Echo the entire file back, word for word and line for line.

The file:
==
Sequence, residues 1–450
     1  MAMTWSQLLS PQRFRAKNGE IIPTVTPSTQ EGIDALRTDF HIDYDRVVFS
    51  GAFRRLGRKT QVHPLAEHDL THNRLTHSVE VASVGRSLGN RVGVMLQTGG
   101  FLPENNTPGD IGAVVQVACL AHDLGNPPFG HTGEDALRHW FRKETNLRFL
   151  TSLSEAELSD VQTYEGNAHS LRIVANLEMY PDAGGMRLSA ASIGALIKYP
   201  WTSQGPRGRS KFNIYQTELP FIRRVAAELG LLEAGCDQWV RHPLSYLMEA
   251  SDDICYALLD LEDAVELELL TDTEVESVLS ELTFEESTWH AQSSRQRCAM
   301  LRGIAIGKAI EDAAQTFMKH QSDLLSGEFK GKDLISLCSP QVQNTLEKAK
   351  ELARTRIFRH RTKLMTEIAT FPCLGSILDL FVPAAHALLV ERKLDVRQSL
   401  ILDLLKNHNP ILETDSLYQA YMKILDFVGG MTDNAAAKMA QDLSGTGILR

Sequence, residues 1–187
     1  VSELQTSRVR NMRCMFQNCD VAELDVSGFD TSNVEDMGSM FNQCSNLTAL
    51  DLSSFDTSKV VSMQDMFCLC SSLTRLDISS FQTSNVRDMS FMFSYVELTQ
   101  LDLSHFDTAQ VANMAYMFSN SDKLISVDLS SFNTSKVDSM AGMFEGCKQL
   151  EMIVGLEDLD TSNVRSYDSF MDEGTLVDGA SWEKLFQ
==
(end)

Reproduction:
Sequence, residues 1–450
     1  MAMTWSQLLS PQRFRAKNGE IIPTVTPSTQ EGIDALRTDF HIDYDRVVFS
    51  GAFRRLGRKT QVHPLAEHDL THNRLTHSVE VASVGRSLGN RVGVMLQTGG
   101  FLPENNTPGD IGAVVQVACL AHDLGNPPFG HTGEDALRHW FRKETNLRFL
   151  TSLSEAELSD VQTYEGNAHS LRIVANLEMY PDAGGMRLSA ASIGALIKYP
   201  WTSQGPRGRS KFNIYQTELP FIRRVAAELG LLEAGCDQWV RHPLSYLMEA
   251  SDDICYALLD LEDAVELELL TDTEVESVLS ELTFEESTWH AQSSRQRCAM
   301  LRGIAIGKAI EDAAQTFMKH QSDLLSGEFK GKDLISLCSP QVQNTLEKAK
   351  ELARTRIFRH RTKLMTEIAT FPCLGSILDL FVPAAHALLV ERKLDVRQSL
   401  ILDLLKNHNP ILETDSLYQA YMKILDFVGG MTDNAAAKMA QDLSGTGILR

Sequence, residues 1–187
     1  VSELQTSRVR NMRCMFQNCD VAELDVSGFD TSNVEDMGSM FNQCSNLTAL
    51  DLSSFDTSKV VSMQDMFCLC SSLTRLDISS FQTSNVRDMS FMFSYVELTQ
   101  LDLSHFDTAQ VANMAYMFSN SDKLISVDLS SFNTSKVDSM AGMFEGCKQL
   151  EMIVGLEDLD TSNVRSYDSF MDEGTLVDGA SWEKLFQ